Graduate School: How I Made the Choice by Eleanor Perrone

As young nonprofit professionals, many of us struggle to define a career path in this diverse and evolving sector.  Part of this struggle involves the question of balance of graduate education with on-the-job experience.  While each young nonprofit professional’s experience is unique, I hope that I can provide insight into this decision-making process based on my own experience.  I recently earned my Master of Public Administration (M.P.A.) through the business school at a local university.  I elected to follow the Specialization in Nonprofit and Mission-Driven Management track in a part-time program.  So how did I navigate the alternatives available and arrive at this decision?  To begin with, I spent a lot of time reflecting on my interests and ambitions before deciding anything. Here’s a sampling of the thought process that helped inform my final decision:

As a young nonprofit development professional, I knew that I wanted a degree program that addressed the business of management in addition to the particularities of the nonprofit sector.  Furthermore, I wanted to explore the intersection between public service and the nonprofit sector and engage in a debate about the balance between government and private services to address social issues.  Finally, as one dedicated to making a career as a nonprofit professional, I felt strongly about equipping myself to translate business insights and corporate best practices into effective public and nonprofit management strategies.  To be blunt, it was important to me to be taken seriously as a businesswoman in the nonprofit sector.  For all of these reasons and more, an M.P.A. program housed in a business school was the right choice for me.

As I mentioned earlier, I elected to pursue my M.P.A. through a part-time program.  While it took two-and-a-half years (including summers) to complete, it allowed me to stay at my full-time job and continue to acquire that valuable vocational experience.  As I discovered through the process, it allowed the issues I was experiencing at work and in the sector, and the discussions and projects in which I was participating in school, to inform each other in interesting and valuable ways.  This, combined with the fact that I had several years of nonprofit work experience under my belt when I started my program, allowed me to maximize the time and resources I was devoting to the degree.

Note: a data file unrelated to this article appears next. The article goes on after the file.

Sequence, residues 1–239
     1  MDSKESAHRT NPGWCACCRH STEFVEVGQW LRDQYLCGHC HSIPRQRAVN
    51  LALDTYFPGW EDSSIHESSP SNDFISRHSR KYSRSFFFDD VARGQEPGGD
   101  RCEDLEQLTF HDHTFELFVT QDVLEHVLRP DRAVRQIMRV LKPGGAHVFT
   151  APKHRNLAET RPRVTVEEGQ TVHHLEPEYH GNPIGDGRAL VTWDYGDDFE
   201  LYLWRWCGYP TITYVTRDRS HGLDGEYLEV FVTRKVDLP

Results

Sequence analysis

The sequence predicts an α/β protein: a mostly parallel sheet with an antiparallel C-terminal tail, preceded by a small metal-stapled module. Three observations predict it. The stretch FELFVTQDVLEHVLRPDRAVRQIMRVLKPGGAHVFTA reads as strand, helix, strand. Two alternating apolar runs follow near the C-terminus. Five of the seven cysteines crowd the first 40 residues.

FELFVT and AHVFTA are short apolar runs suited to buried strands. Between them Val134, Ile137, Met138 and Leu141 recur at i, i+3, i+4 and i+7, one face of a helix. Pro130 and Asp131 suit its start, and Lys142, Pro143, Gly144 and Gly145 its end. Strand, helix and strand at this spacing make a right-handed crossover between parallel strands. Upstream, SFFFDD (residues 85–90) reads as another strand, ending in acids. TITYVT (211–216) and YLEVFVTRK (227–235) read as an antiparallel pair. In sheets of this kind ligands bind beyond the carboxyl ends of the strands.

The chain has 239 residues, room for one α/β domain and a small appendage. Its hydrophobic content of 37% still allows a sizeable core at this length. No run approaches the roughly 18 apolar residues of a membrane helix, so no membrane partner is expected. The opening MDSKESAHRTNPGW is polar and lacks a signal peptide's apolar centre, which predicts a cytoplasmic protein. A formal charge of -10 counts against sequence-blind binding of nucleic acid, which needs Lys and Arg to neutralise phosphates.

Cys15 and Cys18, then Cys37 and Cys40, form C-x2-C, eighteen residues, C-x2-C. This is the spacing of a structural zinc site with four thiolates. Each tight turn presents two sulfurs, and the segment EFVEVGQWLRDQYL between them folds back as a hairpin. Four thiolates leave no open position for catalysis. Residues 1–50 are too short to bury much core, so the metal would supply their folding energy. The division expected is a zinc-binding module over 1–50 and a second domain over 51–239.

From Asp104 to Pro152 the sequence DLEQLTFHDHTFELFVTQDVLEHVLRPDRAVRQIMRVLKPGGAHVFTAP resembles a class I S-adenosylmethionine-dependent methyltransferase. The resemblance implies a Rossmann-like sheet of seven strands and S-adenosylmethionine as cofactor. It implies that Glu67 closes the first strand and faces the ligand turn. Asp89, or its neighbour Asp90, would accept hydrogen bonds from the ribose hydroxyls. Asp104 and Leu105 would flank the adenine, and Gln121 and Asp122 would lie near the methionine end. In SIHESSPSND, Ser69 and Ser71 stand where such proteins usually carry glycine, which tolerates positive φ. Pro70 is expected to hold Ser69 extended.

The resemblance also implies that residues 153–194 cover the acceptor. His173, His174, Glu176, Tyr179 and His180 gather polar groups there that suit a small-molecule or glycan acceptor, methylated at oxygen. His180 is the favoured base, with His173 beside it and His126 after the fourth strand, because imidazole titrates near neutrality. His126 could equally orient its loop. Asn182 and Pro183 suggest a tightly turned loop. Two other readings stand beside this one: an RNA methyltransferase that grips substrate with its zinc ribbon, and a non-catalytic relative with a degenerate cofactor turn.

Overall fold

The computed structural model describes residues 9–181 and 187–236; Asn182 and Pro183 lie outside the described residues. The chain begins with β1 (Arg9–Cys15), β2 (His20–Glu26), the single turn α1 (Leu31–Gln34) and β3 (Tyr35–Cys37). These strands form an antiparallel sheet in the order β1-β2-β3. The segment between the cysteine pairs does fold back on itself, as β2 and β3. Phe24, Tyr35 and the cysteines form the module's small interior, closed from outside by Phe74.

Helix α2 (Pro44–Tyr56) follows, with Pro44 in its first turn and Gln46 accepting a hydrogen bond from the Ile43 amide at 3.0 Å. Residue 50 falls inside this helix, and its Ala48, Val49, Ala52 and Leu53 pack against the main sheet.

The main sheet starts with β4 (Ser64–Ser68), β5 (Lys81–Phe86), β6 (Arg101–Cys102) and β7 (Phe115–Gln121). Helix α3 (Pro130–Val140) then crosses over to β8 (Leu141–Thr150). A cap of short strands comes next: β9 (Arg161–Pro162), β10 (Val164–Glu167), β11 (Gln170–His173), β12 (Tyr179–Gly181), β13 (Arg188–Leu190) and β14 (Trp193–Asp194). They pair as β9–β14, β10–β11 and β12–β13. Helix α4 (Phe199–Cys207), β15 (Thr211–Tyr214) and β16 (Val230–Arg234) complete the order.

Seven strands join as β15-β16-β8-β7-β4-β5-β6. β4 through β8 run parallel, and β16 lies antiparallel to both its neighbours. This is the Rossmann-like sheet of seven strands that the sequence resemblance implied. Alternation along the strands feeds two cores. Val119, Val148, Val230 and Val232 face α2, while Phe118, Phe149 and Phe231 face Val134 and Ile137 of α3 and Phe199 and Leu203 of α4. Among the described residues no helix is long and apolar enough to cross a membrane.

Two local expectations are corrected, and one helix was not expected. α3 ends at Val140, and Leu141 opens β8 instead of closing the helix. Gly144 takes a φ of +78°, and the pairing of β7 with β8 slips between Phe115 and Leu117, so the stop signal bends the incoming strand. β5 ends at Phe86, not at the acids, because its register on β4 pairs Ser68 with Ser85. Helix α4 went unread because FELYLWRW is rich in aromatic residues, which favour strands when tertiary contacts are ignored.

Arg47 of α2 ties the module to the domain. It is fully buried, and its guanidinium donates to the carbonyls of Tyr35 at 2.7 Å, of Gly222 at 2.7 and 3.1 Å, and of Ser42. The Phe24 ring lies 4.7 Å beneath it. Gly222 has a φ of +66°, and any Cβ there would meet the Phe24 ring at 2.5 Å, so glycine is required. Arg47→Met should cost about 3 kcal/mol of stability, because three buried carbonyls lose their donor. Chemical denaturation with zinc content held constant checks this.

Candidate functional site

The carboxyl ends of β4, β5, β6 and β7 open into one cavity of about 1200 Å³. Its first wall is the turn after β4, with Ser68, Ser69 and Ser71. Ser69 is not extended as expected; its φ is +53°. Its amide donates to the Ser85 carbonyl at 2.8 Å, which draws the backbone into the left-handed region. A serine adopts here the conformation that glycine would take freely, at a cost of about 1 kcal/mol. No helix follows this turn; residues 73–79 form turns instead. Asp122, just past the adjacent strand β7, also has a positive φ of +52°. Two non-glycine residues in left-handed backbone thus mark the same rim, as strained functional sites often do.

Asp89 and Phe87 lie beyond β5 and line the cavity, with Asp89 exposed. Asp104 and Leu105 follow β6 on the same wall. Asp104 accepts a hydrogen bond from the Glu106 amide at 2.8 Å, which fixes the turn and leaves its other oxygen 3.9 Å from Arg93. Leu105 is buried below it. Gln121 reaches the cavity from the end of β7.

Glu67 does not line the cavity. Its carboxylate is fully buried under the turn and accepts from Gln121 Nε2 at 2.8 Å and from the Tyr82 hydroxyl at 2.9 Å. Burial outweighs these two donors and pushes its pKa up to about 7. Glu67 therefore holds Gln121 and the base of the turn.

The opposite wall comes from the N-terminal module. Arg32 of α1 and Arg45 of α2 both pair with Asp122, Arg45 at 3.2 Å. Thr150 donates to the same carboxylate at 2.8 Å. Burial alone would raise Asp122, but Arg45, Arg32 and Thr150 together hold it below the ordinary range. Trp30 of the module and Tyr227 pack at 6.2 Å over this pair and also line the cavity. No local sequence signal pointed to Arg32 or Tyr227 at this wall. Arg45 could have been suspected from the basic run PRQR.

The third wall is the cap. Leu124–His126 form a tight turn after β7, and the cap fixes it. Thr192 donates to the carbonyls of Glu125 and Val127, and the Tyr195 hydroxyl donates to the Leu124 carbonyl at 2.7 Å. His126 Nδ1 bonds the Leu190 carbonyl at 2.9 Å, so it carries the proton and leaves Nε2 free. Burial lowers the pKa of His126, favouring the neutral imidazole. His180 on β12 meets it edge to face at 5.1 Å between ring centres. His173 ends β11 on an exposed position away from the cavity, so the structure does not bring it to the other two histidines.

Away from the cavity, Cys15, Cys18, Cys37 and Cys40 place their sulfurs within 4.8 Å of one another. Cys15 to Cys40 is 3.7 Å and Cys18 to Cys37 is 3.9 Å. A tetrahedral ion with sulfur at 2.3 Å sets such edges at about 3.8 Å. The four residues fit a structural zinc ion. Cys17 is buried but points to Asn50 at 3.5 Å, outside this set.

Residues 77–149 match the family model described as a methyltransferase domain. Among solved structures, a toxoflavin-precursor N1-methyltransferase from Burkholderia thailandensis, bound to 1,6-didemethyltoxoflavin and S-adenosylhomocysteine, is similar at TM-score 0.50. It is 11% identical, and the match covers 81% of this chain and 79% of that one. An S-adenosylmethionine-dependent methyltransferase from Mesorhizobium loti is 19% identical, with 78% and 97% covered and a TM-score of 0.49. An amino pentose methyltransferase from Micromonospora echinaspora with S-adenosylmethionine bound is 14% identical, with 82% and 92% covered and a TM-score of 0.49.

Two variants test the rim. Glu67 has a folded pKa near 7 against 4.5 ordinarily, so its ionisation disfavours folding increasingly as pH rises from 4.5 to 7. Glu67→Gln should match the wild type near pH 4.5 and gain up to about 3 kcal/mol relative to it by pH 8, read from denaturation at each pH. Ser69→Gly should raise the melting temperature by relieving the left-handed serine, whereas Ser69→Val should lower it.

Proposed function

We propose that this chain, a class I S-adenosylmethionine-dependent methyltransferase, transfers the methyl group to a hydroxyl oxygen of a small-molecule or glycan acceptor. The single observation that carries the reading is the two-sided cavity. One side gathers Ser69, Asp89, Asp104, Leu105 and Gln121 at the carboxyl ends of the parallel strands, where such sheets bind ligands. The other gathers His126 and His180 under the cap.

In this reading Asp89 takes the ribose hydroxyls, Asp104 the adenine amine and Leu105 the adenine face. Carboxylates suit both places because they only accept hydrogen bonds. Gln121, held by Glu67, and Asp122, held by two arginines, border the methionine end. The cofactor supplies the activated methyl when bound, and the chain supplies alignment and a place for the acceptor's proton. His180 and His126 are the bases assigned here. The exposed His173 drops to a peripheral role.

Clearly, there are many alternatives.  For example, there are M.P.A. programs housed in graduate schools of public policy or social science, and there are Master of Business Administration (M.B.A.) programs with the option to focus on nonprofit management.  Moreover, a range of Master of Arts (M.A.) or Master of Sciences (M.S.) programs exist that address nonprofit management within contexts ranging from graduate schools of social work to graduate schools of urban planning and much in between.  And of course, many graduate programs offer certificate programs if pursuing a full Master’s degree isn’t feasible.  Finally, if you’re on the development side of things, like me, there are graduate schools dedicated solely to philanthropic studies and training.  In the end, it’s important to examine the reasons that you’ve chose to work in the nonprofit sector and the philosophy that you think will drive your career therein.  I found that clarifying these aspects of my decision-making process naturally led me to the degree program that was the best fit for me.